20,000 Students Sue California Officials

The plight of 20,000 students has prompted the ACLU to sue California officials, according to a lawsuit filed on Wednesday. The American Civil Liberties Union claims the state has failed in its obligation to provide sufficient assistance to students learning the English language.

Due in part to a substantial immigrant population, California currently estimates that one in four of its public school students are in need of English instruction. Federal and state laws mandate that schools ensure these students are adequately taught to speak, read, and write the language fluently in order to successfully succeed in other academic areas.

However, the ACLU claims that the state has failed to provide such teachings to roughly 20,000 students, prompting the organization to sue on their behalf.

“It is a blatant violation of the law not to provide these students the most basic and essential component of their education — language to access their classes,” explained Jessica Price, an attorney with the American Civil Liberties Union Foundation of Southern California.

State schools are required to annually disclose the number of English learners currently enrolled. Schools must also account for the types of assistance given to further their language skills.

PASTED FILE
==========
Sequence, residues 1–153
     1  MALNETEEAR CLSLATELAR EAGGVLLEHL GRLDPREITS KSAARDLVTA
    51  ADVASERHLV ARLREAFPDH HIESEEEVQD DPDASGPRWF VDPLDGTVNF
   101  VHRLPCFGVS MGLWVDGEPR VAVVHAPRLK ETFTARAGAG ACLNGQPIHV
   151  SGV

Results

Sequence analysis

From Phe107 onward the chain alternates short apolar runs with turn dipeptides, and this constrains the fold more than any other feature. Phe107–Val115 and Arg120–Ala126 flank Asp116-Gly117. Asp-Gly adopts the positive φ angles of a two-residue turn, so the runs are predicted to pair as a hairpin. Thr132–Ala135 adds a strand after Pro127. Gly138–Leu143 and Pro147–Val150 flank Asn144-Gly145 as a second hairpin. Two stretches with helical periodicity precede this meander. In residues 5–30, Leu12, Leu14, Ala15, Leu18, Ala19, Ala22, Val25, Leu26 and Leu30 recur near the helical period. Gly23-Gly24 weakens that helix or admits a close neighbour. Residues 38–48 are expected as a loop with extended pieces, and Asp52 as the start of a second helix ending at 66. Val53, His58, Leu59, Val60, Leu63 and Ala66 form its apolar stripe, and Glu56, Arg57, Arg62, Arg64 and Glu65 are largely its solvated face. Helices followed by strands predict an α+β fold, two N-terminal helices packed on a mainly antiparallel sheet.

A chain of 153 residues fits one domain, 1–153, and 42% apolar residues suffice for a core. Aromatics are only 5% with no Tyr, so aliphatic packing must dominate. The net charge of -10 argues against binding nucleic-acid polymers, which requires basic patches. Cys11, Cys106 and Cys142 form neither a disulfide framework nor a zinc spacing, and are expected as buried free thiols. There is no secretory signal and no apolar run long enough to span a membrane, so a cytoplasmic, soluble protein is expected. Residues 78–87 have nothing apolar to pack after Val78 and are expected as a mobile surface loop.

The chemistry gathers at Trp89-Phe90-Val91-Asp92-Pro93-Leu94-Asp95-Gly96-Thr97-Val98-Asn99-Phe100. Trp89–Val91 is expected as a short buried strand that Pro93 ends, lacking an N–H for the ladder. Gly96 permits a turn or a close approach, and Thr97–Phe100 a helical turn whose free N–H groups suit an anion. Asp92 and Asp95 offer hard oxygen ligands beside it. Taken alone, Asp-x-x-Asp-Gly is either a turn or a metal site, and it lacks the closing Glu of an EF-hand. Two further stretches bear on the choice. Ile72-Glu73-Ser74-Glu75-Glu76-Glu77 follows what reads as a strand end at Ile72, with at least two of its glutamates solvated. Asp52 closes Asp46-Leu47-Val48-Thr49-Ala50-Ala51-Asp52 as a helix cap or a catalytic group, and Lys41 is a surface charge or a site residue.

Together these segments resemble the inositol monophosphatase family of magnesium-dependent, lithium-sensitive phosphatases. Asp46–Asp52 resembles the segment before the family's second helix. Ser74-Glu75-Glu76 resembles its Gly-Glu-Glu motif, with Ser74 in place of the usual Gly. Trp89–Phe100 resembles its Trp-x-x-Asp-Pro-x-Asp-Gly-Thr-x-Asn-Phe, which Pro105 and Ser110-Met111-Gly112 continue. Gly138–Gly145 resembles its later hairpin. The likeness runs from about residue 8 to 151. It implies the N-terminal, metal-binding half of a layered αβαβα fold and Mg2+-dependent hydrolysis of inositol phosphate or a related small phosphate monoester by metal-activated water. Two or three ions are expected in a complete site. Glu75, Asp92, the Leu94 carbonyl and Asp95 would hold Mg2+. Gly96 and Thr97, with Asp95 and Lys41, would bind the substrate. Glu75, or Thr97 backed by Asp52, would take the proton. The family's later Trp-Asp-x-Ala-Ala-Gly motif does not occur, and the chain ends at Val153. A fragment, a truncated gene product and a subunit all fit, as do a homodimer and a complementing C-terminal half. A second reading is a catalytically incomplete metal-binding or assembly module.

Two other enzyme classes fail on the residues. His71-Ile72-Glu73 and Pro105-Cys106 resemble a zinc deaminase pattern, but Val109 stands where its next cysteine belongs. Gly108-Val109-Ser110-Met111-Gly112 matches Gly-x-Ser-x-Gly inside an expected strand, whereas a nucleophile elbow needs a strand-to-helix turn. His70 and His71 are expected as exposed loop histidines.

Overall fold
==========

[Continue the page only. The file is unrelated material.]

According to the ACLU, reports made to the California Department of Education in 2011 reflect that roughly 250 districts failed to provide either language services or help from educators to roughly 20,000 students in need.

Earlier this year, the ACLU issued a written notice to the state regarding the issue. The organization now claims that California officials failed to investigate or take appropriate action to remedy the situation. Price explained, “When districts report that this is happening, the state of California does absolutely nothing in response.”

While the ACLU was prompted to sue the state because of the 20,000 students identified in the district reports, the actual lawsuit was reportedly filed on behalf of six specific students and their guardians. The plaintiffs have chosen to remain anonymous, citing fear of retaliation.

Walt Dunlop, a former Oxnard Union High School District teacher, is also named as a plaintiff in the lawsuit. During his career, he often provided assistance for students learning English and has openly criticized the language programs available in his district.

“Over a lifetime as an educator, I’ve known English learner students who in despair have said to me about dropping out of school: ‘There’s nothing here for me Mr. Dunlop, nothing here for me.’ High school students crying during high stakes exams feeling that failure is imminent,” he explained following Wednesday’s lawsuit announcement.

Do you agree with the American Civil Liberties Union’s decision to sue the state of California on behalf of 20,000 students in need of English assistance?

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